The Field (Catalyst #1)
The Field was published on April 23rd, 2019 by Brown Books Publishing as young adult science fiction. I received an ebook copy as a participant in the blog tour for the follow up novel Catalyst, but as always, all thoughts are my own.
There is a slight spoiler about Renee and Eric’s relationships, but other than that there are no spoilers in my review beyond what is told in the synopsis.
Content Warning: sexual assault, a scene containing subtle body shaming
Eric Horton sees fire. When he sleeps, he dreams of a world screaming in the midst of devastating explosions. These dreams terrify him, and as more strange happenings unfold around him, he’s unable to shake the feeling that what he’s seeing isn’t just a dream.
When a new student, Renee, appears in his science class, he could swear he’s known her forever. But how could that be? As they get to know each other, he meets her father, who explains the experiments he’s been conducting involving the Universal Energy Field and Collective Consciousness—two things Eric has never heard of before. They seem to be tied to the idea that we are all connected by the same energy and are all more powerful than we realize. Eric begins to learn more about these groundbreaking concepts—but can they be real?
As his life continues to shift and his knowledge of the Field increases, Eric will be tested beyond anything he’s experienced before. He must decide whether he believes in that part of himself which ties him to the world around him, and he must access it—or lose everything he’s been working to keep.
This book is as much about soccer and – based on my own experiences – American teenager life as it is about physics and energy. The book opens with Eric and his friend Will going to the last soccer tryout practice, and subsequent practices and games carry the book along in a satisfying way. Tracy Richardson balanced each aspect of the story quite well, and although a few scenes and paragraphs felt unnecessary (grossly and generally), this young adult novel is nearly seamlessly paced and developed.
Eric and his friends are moving through all the motions of being teenagers in high school, and to uphold the plot (and, presumably, to hold the attention of her readers), Tracy Richardson focused on one high school class in particular: AP Environmental Science. This sets an interesting tone for the novel, as the students learn about clean energy and the ways industries in their very own town of Monroe, Indiana are working to use more clean energy. There are a couple of – in the sense of a fictional narrative – quick debates about whether or not those industries are doing enough or what infrastructure should actually be put into place; I mention this because although my description feels a little bogged down, Tracy Richardson manages to make these discussions and themes pleasantly fit into the overall plot and arc of the book. Her tone is steady as she moves the characters from these classroom discussions to conversations about school events and parties, which never makes her characters feel, well, out of character.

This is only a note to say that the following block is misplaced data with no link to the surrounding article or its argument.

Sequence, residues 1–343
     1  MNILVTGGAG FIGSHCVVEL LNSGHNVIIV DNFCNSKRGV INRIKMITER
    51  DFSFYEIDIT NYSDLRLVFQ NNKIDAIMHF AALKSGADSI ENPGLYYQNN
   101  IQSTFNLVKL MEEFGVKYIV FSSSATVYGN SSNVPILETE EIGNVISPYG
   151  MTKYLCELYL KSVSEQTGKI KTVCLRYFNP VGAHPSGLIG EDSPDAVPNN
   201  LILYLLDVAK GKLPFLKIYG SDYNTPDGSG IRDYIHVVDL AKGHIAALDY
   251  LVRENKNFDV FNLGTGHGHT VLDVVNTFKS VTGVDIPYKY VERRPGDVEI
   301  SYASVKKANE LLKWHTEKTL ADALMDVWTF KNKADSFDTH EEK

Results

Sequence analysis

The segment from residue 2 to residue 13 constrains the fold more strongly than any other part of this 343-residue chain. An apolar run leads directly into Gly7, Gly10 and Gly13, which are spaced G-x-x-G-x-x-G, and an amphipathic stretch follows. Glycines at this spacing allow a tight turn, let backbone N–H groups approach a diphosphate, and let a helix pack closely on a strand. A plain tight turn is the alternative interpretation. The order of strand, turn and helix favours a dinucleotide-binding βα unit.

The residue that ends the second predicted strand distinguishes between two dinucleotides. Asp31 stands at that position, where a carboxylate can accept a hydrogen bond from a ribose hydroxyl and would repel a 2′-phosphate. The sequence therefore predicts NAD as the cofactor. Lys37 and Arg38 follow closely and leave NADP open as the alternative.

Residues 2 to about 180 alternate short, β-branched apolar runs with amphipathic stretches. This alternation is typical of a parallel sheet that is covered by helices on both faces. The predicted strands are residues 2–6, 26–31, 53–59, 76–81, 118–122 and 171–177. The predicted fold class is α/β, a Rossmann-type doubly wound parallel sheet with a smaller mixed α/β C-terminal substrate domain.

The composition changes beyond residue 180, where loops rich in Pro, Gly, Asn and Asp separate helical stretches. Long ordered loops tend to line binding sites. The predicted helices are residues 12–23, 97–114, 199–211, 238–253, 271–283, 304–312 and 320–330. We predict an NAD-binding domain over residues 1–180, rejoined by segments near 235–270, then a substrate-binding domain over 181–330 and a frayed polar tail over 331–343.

Speaking of which, Tracy Richardson did a great job making these characters, especially Eric, individually identifiable. She rarely stepped over the line into caricature or used unnecessary conflict/tension, but there were a couple instances of this. When we first meet Eric’s friend Cole, he felt quite exaggerated, like all of his traits were items on a checklist that the author wanted to include. However, in every other encounter with him that exaggeration was diminished and he no longer seemed like a caricature. One other over the top, and unnecessary sequence of events was how Renee ends up confessing her attraction to Eric. The students learn about the psychology of attractiveness in their psychology class, which leads them down quite a superficial road to playing “hot or not” – voicing their opinions on which body types or clothing styles are hot or not (so much so that it started to feel like the author herself has an aversion to some of the shapes and styles). As characteristic of some teenagers that behavior might be, it just felt like a cringey way to set up Renee and Eric’s romantic relationship.
With these things taking place at the beginning, the story moves forward as the students and even some of their families navigate the every day, while many of them, particularly Eric, are also trying to wrap their heads around the Universal Energy Field and Collective Consciousness. The events and actions in the story that connect to these two puzzle pieces are, even before we are explicitly introduced to them, sort of obvious because of the information in the synopsis. For the most part, this only means that the reader has slightly more insight than the characters, so the anticipation over whether or not the characters will come to the correct conclusions heightens the thrill of the plot. However, this also makes two final events a bit predictable. Eric saves the day twice over, and questions how he is going to handle the responsibility that he now feels on his shoulders. But this question would perhaps feel more substantial, more complicated, if he was a little too late in making that second save. The slightly neater conclusion sort of depleted the stakes and threat of irreversible consequences, which deflated the mystical quality of the story to some extent. Perhaps the stakes and consequences will be further explored and built up over the course of the second novel in this series.
Despite this subtle deflation, The Field presents relatively accessible and straightforward theories about how energy exists in the universe and on Earth, alongside a captivating story about teen love, relationships, and dealing with the bigger picture while focusing on each moment as it happens.